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Wartime motor launch given new lease of life

Wartime motor launch given new lease of life
6 January 2016
A wartime boat which served as the springboard for commando raids in occupied Europe and saved downed aircrew is to become a museum piece in Portsmouth.

Rescue Motor Launch 497 will join the collection of historic craft large and small maintained by the National Museum of the Royal Navy – thanks largely to a £90,000 lottery hand-out.

The 112ft wooden boat is one of the dwindling band of survivors of a class of around 650 launches built by, or under licence from, the Fairmile company between 1940 and 1945 to meet the tremendous demands placed on the Fleet by its second global conflict in a generation.

Crewed by 16 men and with a top speed of around 20kts, they were called upon to perform a myriad roles – submarine hunting, anti-aircraft protection, torpedo boats, gunboats and rescue duties.

In RML 497’s case, she served in the Channel carrying out search and rescue missions from Portland, acted as a target tug in the Orkneys and took part in a commando raid on the Channel Islands in the aftermath of D-Day.

RML 497 is an amazing survivor, full of original features and still fully operational, which is incredible for a wooden warship built for ‘hostilities only’ service during World War 2,”

Nick Hewitt, Head of Heritage Development at the museum

Sold off post-war, the boat spent the vast majority of her life – renamed Western Lady III and, in 2013, The Fairmile – carrying passengers around Torbay, Brixham and Dartmouth.

She was snapped up at the end of last year for just over £100,000 – the National Museum and the Coastal Forces Heritage Trust both threw £5k into the put with the grant from the Heritage Lottery Fund making up the shortfall.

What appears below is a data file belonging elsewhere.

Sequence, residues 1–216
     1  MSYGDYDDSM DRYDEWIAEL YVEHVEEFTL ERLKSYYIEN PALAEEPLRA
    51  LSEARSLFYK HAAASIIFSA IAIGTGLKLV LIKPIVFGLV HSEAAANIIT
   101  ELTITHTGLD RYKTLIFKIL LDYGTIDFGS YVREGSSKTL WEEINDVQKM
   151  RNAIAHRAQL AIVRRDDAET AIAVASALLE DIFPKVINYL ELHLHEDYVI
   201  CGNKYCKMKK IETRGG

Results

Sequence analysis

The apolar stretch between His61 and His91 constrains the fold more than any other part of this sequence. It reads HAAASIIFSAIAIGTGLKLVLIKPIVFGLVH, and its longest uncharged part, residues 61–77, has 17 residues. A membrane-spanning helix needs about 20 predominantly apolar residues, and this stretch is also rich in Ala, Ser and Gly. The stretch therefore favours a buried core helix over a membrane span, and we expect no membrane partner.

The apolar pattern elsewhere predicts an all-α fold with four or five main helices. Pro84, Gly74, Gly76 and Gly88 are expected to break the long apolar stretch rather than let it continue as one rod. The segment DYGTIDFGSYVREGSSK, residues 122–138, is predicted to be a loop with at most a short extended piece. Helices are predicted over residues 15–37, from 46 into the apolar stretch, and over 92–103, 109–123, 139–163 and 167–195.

“RML 497 is an amazing survivor, full of original features and still fully operational, which is incredible for a wooden warship built for ‘hostilities only’ service during World War 2,” said Nick Hewitt, head of heritage development at the museum.

“When she comes to Portsmouth she’ll be entering a whole new phase of her long life, and I’m sure our visitors will be just as excited as we are to step aboard her and see Portsmouth’s amazing naval heritage from the deck of a real warship.”

Meanwhile, confiscated wood will help to restore the decking of another of the museum’s maritime treasures.

Jutland veteran HMS Caroline is in the midst of a £15m revamp to turn her into a floating museum/visitor attraction in time for the 100th anniversary of the biggest naval battle ever fought in European waters at the end of May.

Border Force seized an illegal shipment of Spanish cedar – thought to have come from South America originally – and donated 19 tonnes of the timber to the restoration project, saving the team around £100,000.

The cruiser, which can be found in Belfast’s Titanic Quarter, will be formally rededicated on May 31, and opened to the public the following day.

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